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The ‘thinking’ in thinking-for-speaking: where is it?

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The ‘thinking’ in thinking-for-speaking : where is it? / Athanasopoulos, Panos; Bylund, Emanuel.

In: Langage, Interaction et Acquisition / Language, Interaction and Acquisition, Vol. 4, No. 1, 2013, p. 91-100.

Research output: Contribution to journalJournal articlepeer-review

Harvard

Athanasopoulos, P & Bylund, E 2013, 'The ‘thinking’ in thinking-for-speaking: where is it?', Langage, Interaction et Acquisition / Language, Interaction and Acquisition, vol. 4, no. 1, pp. 91-100. https://doi.org/10.1075/lia.4.1.05ath

APA

Athanasopoulos, P., & Bylund, E. (2013). The ‘thinking’ in thinking-for-speaking: where is it? Langage, Interaction et Acquisition / Language, Interaction and Acquisition, 4(1), 91-100. https://doi.org/10.1075/lia.4.1.05ath

Vancouver

Athanasopoulos P, Bylund E. The ‘thinking’ in thinking-for-speaking: where is it? Langage, Interaction et Acquisition / Language, Interaction and Acquisition. 2013;4(1):91-100. https://doi.org/10.1075/lia.4.1.05ath

Author

Athanasopoulos, Panos ; Bylund, Emanuel. / The ‘thinking’ in thinking-for-speaking : where is it?. In: Langage, Interaction et Acquisition / Language, Interaction and Acquisition. 2013 ; Vol. 4, No. 1. pp. 91-100.

Bibtex

@article{d0491f7cbcc1414baf353e5c684621e8,
title = "The {\textquoteleft}thinking{\textquoteright} in thinking-for-speaking: where is it?",
abstract = "According to the thinking-for-speaking (TFS) hypothesis, speakers of different languages think differently while in the process of mentally preparing content for speech. The aim of the present paper is to critically discuss the research carried out within the TFS paradigm, against the background of the basic tenets laid out by the proponents of this framework. We will show that despite substantial progress in the investigation of crosslinguistic differences in the organisation of information in discourse, the studies that actually examine the cognitive aspects of speech production are, to date, vanishingly few. This state of affairs creates a gap in our knowledge about the thought processes that co-occur with speech production during language use and acquisition. We will argue that in order to reach a more comprehensive picture of the cognitive processes and outcomes of speech production, methodologies additional to the analysis of information organisation must be used.",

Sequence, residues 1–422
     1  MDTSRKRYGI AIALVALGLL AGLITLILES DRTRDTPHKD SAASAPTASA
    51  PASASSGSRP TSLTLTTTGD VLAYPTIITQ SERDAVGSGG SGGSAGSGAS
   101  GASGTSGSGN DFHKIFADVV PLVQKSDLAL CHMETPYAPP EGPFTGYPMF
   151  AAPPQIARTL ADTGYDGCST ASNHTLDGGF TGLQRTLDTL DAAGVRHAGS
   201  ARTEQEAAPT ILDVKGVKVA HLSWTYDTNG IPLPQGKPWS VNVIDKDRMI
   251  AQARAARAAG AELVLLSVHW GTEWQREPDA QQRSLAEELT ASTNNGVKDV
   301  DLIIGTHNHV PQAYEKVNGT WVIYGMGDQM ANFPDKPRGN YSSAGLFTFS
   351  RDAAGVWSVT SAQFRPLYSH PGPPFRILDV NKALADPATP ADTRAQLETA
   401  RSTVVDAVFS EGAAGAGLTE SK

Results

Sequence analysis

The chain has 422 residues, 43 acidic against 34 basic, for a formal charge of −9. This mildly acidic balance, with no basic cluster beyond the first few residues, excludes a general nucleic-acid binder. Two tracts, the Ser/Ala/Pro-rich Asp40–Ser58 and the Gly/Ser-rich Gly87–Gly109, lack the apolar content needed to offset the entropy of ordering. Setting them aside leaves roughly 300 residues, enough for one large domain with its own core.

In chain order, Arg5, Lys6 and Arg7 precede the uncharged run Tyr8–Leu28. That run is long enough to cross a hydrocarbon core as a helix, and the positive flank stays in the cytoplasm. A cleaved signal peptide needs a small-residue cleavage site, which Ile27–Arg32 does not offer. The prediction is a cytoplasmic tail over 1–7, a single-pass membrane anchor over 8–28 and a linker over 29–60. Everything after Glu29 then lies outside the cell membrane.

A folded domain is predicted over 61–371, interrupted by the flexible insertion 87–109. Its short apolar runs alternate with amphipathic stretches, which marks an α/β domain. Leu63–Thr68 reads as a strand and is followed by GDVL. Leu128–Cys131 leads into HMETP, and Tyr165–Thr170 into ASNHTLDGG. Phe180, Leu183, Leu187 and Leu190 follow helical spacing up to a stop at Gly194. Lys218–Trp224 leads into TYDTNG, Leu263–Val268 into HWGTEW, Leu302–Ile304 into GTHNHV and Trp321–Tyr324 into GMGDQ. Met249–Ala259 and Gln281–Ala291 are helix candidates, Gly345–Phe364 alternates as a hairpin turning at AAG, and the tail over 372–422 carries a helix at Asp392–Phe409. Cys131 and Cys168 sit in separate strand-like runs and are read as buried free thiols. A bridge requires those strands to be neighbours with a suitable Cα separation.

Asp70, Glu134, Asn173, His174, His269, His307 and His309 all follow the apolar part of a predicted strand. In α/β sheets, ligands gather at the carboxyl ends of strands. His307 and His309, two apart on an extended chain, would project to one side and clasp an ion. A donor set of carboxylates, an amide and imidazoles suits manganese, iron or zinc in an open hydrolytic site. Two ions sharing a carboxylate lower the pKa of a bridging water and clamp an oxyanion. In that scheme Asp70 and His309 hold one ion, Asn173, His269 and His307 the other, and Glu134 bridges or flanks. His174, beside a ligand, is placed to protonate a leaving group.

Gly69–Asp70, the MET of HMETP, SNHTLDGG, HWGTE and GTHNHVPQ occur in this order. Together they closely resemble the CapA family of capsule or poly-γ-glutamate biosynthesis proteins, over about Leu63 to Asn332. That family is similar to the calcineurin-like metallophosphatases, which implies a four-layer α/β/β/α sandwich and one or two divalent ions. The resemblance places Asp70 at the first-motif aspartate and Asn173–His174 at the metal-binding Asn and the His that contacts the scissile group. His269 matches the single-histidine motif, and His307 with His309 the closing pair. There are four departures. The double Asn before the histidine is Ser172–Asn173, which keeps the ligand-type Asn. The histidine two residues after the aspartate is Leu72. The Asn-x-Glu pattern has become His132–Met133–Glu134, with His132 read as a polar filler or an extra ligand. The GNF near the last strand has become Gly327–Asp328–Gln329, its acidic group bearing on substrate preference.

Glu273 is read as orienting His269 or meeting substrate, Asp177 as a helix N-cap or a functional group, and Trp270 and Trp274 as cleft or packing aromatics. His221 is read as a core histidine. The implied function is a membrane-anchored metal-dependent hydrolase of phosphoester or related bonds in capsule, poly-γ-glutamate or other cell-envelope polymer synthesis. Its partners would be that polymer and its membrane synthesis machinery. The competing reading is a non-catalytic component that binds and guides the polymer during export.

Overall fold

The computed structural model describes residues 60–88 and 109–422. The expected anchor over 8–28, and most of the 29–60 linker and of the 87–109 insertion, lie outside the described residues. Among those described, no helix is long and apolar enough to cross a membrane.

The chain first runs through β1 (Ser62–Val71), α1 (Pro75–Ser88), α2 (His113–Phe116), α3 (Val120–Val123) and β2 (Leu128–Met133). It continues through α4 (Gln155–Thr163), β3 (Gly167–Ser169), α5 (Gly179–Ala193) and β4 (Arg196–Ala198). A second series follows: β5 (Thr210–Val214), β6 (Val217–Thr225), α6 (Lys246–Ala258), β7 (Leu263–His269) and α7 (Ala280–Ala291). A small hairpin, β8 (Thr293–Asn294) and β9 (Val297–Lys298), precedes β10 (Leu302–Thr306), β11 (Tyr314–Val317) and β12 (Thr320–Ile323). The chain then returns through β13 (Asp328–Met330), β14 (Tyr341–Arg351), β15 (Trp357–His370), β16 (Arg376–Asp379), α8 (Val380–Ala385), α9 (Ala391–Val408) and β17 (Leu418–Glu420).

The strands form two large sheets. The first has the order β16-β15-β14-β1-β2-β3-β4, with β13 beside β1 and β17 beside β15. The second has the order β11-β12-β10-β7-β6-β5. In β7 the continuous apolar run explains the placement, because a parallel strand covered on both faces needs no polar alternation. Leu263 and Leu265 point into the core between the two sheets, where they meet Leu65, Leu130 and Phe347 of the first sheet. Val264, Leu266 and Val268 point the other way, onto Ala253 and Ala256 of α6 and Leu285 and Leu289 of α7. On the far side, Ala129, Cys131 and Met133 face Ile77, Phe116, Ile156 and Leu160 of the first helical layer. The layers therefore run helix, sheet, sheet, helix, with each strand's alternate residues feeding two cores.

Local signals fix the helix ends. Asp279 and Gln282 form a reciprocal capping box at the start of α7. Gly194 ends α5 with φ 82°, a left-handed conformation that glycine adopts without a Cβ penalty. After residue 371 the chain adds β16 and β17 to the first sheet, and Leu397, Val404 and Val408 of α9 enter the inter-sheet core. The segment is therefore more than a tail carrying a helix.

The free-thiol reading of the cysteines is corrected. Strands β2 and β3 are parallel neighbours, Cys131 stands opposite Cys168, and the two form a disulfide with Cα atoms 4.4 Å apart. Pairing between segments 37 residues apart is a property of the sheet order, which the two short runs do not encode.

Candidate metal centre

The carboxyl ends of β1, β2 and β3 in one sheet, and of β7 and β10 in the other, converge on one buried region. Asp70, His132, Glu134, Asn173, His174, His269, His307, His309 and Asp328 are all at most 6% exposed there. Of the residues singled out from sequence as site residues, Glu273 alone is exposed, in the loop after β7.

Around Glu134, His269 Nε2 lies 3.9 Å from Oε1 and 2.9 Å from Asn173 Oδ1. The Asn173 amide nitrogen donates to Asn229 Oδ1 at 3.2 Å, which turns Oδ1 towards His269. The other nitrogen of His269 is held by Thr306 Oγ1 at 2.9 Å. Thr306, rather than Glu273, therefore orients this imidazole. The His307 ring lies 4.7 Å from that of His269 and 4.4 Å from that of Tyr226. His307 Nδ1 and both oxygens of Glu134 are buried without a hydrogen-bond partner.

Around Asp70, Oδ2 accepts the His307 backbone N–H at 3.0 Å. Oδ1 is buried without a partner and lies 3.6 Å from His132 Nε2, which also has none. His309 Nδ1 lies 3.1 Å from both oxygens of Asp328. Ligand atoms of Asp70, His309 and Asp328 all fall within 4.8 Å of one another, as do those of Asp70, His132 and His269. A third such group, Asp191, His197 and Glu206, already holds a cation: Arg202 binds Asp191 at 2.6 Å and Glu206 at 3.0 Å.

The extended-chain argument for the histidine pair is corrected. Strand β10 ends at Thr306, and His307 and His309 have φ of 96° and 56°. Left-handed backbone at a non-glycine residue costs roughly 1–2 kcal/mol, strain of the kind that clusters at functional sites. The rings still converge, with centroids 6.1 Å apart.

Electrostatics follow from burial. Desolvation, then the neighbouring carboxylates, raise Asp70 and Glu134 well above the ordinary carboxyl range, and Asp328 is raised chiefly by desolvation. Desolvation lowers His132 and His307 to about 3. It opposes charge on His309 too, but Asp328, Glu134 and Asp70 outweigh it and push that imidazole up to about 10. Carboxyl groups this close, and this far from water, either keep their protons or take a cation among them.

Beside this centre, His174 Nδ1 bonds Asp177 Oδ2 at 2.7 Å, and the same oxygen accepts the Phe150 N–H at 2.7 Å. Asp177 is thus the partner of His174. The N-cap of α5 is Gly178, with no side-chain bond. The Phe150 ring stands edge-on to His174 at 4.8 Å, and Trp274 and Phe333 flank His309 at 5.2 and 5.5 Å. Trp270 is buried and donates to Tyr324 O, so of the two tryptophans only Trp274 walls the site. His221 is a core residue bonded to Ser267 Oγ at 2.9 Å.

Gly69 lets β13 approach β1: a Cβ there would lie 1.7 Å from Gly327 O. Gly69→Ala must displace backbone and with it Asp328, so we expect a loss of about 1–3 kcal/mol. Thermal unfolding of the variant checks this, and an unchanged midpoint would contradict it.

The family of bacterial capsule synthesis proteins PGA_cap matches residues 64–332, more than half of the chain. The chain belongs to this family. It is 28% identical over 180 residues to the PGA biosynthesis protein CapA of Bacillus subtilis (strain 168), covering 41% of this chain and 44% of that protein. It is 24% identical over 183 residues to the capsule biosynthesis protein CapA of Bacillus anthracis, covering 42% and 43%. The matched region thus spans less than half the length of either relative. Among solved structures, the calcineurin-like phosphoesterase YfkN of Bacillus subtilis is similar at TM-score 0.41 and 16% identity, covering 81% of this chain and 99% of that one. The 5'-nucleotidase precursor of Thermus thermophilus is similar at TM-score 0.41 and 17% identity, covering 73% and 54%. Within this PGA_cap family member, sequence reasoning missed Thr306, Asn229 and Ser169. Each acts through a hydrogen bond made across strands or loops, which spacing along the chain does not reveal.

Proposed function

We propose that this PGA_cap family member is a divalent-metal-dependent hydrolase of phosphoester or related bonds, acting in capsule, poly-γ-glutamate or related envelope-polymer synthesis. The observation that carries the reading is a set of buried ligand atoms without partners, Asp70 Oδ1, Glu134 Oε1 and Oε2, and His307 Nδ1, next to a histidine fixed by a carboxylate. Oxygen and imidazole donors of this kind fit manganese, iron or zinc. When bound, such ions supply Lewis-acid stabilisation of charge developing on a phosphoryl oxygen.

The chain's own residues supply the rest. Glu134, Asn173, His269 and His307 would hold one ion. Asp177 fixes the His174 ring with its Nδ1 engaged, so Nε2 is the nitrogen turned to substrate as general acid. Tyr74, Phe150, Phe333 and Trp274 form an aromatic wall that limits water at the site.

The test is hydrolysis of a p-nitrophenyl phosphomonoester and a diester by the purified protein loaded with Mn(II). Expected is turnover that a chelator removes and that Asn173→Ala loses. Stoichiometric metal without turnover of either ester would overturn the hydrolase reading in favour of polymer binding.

author = "Panos Athanasopoulos and Emanuel Bylund",
year = "2013",
doi = "10.1075/lia.4.1.05ath",
language = "English",
volume = "4",
pages = "91--100",
journal = "Langage, Interaction et Acquisition / Language, Interaction and Acquisition",
issn = "1879-7865",
publisher = "John Benjamins Publishing Company",
number = "1",

}

RIS

TY - JOUR

T1 - The ‘thinking’ in thinking-for-speaking

T2 - where is it?

AU - Athanasopoulos, Panos

AU - Bylund, Emanuel

PY - 2013

Y1 - 2013

N2 - According to the thinking-for-speaking (TFS) hypothesis, speakers of different languages think differently while in the process of mentally preparing content for speech. The aim of the present paper is to critically discuss the research carried out within the TFS paradigm, against the background of the basic tenets laid out by the proponents of this framework. We will show that despite substantial progress in the investigation of crosslinguistic differences in the organisation of information in discourse, the studies that actually examine the cognitive aspects of speech production are, to date, vanishingly few. This state of affairs creates a gap in our knowledge about the thought processes that co-occur with speech production during language use and acquisition. We will argue that in order to reach a more comprehensive picture of the cognitive processes and outcomes of speech production, methodologies additional to the analysis of information organisation must be used.

AB - According to the thinking-for-speaking (TFS) hypothesis, speakers of different languages think differently while in the process of mentally preparing content for speech. The aim of the present paper is to critically discuss the research carried out within the TFS paradigm, against the background of the basic tenets laid out by the proponents of this framework. We will show that despite substantial progress in the investigation of crosslinguistic differences in the organisation of information in discourse, the studies that actually examine the cognitive aspects of speech production are, to date, vanishingly few. This state of affairs creates a gap in our knowledge about the thought processes that co-occur with speech production during language use and acquisition. We will argue that in order to reach a more comprehensive picture of the cognitive processes and outcomes of speech production, methodologies additional to the analysis of information organisation must be used.

U2 - 10.1075/lia.4.1.05ath

DO - 10.1075/lia.4.1.05ath

M3 - Journal article

VL - 4

SP - 91

EP - 100

JO - Langage, Interaction et Acquisition / Language, Interaction and Acquisition

JF - Langage, Interaction et Acquisition / Language, Interaction and Acquisition

SN - 1879-7865

IS - 1

ER -